While Police Journal claimed a moral high road, it was not averse to dangling the promise of sensational revelations as an enticement to readers. Its headlines condemned Montreal’s police force for incompetence or corruption (“La police dans les patates,” October 26, 1946); exposed homosexual behaviour on Montreal’s Mount Royal (“Les ‘Fifis’ de la montagne,” March 31, 1945); and covered unrest in Montreal’s prisons (“La révolte à Bordeaux,” November 22, 1947). In the waning days of World War II, Police Journal became obsessed by the amount of prostitution taking place in Montreal, regularly denouncing the “victory girls” (war-time sex workers known as “Les filles de la Victoire”) and their growing public visibility.
In fact, Police Journal offered little in the way of detailed reporting on any of these issues. Instead, lurid headlines led to one-page articles that interwove the barest of facts with heated commentary. The rest of each issue largely consisted of material bearing little relationship to timely crime reporting. Throughout the publication’s history, fictional stories filled at least half of each issue, and it was the success of these stories, apparently, that led the publisher, in the mid-1940s, to begin separate publication of the romans en fascicule (novellas in booklet form) for which Editions Police-Journal is now remembered.
Other content in Police Journal included multi-part series on famous crimes of the past, like the Lindbergh baby kidnapping of the 1930s, or the 1920s murder of young Blanche Garneau that led to political upheaval in Quebec. These features were obviously reworked from previously published accounts, and might run over several issues of Police Journal. With its bare-bones reporting on current crimes, its high percentage of fictional content, and its endless recycling of archival material, Police Journal could survive with no real reporters on staff.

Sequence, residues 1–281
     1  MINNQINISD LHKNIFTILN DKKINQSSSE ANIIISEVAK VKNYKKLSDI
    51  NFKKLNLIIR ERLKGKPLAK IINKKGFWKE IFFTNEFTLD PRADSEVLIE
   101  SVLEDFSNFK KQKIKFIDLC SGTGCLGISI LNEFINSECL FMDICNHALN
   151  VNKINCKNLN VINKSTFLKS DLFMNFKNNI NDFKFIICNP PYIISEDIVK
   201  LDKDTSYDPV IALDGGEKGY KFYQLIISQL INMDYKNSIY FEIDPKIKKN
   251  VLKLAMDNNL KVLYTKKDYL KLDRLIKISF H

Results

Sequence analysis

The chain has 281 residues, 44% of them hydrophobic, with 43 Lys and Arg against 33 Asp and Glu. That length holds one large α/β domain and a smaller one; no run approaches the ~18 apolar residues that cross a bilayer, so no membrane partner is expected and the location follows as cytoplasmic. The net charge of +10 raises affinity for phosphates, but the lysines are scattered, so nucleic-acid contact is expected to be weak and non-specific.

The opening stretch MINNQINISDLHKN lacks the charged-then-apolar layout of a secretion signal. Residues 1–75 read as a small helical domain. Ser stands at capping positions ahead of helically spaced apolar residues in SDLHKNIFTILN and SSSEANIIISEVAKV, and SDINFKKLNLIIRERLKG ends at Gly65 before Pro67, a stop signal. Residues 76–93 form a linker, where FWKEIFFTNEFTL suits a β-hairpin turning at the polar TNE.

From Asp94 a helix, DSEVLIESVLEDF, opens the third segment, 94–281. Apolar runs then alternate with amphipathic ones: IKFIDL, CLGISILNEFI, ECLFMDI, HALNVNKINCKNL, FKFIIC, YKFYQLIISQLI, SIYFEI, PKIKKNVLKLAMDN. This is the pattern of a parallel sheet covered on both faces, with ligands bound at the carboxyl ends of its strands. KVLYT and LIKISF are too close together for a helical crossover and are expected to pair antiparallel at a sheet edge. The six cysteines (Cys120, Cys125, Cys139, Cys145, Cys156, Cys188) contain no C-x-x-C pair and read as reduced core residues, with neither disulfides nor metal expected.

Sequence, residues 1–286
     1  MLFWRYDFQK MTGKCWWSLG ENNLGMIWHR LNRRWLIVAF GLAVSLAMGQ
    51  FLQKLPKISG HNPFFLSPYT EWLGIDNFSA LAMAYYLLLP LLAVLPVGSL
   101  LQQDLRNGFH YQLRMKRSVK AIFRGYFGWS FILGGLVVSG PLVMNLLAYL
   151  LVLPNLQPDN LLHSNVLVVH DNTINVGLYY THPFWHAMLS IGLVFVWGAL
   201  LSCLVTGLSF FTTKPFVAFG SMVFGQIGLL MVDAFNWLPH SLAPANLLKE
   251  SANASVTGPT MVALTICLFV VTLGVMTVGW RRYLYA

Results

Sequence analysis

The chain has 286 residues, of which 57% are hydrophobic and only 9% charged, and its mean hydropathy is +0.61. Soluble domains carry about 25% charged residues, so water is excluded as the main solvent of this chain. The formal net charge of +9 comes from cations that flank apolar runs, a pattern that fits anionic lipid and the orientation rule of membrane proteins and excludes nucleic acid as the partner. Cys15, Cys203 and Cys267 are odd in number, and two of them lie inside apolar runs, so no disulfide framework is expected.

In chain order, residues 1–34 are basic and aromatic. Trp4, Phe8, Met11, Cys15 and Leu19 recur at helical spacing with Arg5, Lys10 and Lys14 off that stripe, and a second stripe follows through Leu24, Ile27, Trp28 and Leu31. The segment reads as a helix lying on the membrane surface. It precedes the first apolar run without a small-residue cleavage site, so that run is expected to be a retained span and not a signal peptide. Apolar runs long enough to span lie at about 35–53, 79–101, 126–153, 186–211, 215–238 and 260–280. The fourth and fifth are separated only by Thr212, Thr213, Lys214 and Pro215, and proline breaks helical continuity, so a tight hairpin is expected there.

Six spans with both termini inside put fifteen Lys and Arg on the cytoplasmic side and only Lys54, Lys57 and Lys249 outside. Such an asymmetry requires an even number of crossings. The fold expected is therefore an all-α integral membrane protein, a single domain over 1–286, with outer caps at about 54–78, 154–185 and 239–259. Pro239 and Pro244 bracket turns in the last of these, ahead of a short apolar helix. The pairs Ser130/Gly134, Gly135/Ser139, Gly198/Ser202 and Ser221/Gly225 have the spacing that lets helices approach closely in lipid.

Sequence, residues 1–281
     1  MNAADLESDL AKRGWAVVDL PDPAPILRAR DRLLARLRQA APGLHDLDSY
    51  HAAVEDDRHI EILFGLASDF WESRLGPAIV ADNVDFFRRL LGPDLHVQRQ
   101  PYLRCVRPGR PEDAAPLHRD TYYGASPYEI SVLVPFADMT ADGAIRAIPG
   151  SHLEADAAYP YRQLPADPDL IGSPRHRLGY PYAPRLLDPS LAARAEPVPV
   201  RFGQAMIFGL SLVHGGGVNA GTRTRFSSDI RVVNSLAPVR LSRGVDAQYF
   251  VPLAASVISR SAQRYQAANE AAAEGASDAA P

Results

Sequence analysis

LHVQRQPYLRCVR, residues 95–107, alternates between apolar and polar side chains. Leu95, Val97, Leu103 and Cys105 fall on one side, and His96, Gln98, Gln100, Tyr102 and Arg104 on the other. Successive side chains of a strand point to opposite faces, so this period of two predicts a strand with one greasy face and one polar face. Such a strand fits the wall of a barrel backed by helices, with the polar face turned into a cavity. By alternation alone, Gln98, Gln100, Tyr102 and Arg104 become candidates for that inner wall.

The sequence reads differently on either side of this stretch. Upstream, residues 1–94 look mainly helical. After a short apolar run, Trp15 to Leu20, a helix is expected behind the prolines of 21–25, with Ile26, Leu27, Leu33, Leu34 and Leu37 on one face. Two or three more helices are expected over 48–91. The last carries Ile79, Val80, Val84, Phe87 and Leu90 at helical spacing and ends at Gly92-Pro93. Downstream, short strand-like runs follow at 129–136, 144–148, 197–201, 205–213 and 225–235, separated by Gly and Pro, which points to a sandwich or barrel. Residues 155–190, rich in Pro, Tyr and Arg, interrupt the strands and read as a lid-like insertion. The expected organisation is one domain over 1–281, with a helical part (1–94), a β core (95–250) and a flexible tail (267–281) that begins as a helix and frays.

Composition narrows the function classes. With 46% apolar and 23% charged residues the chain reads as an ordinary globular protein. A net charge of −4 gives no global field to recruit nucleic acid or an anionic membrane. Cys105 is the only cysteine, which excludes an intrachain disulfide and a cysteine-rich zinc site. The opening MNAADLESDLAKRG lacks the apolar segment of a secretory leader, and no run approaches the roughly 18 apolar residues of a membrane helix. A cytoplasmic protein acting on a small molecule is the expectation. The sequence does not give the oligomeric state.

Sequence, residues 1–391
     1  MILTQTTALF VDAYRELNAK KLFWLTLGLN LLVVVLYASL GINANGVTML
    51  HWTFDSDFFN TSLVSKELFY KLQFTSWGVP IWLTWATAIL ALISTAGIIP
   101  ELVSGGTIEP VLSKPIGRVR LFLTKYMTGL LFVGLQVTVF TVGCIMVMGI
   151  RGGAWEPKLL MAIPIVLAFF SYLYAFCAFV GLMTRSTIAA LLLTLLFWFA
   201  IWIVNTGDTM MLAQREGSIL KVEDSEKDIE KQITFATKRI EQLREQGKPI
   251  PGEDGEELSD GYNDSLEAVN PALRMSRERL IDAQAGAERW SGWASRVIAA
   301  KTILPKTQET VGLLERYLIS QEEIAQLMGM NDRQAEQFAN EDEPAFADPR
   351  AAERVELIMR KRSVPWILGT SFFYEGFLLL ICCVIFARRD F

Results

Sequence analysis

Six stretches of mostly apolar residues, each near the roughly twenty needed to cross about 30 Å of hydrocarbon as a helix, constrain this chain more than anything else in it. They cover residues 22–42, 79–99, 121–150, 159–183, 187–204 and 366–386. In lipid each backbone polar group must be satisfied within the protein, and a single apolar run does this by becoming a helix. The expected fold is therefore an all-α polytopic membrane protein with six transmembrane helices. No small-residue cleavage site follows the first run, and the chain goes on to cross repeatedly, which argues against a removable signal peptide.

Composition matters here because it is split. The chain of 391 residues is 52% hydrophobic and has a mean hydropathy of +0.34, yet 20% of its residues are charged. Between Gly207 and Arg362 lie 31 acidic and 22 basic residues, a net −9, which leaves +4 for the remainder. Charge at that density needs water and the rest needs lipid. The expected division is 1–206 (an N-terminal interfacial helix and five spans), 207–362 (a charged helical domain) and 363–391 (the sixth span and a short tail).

It is through its headlines that Police Journal leaves us with a running guide to the key issues and events punctuating public life in Montreal in the 1940s and early 1950s. In these brief phrases we find reference to charity rackets, unscrupulous landlords, fixed boxing matches, sexuality in the theatre, slot machines, price-gouging grocery stores, and the spread of “blind pigs” (speakeasies). Together, these concerns reveal Police Journal’s populism—one that was both radical (in its fixation on forces keeping the average Montrealer poor and miserable) and conservative (in its horror at the immorality of Montreal theatre, or the supposed spread of homosexuality among the city’s youth).
Police Journal ceased publication in December of 1954. For almost two years, it had faced competition from the new weekly Allo Police (launched in February 1953), whose higher production values and professional reporting and photography staff made it a much livelier window onto criminality in Quebec. In October 1954, the Caron Commission released its long-awaited report on vice and police corruption in Montreal, and in the same month Jean Drapeau was elected mayor of Montreal with the promise to restore civic morality. Police Journal already seemed, at this point, to have lingered around too long.
—From CNQ 109: The Crime Issue (Spring/Summer 2021)
Will Straw is Professor of Urban Media Studies in the Department of Art History and Communications Studies at McGill University. He is the author of Cyanide and Sin: Visualizing Crime in 1950s America, and of over 170 articles on music, cinema, print culture and cities. His current research focuses on night-time culture in cities.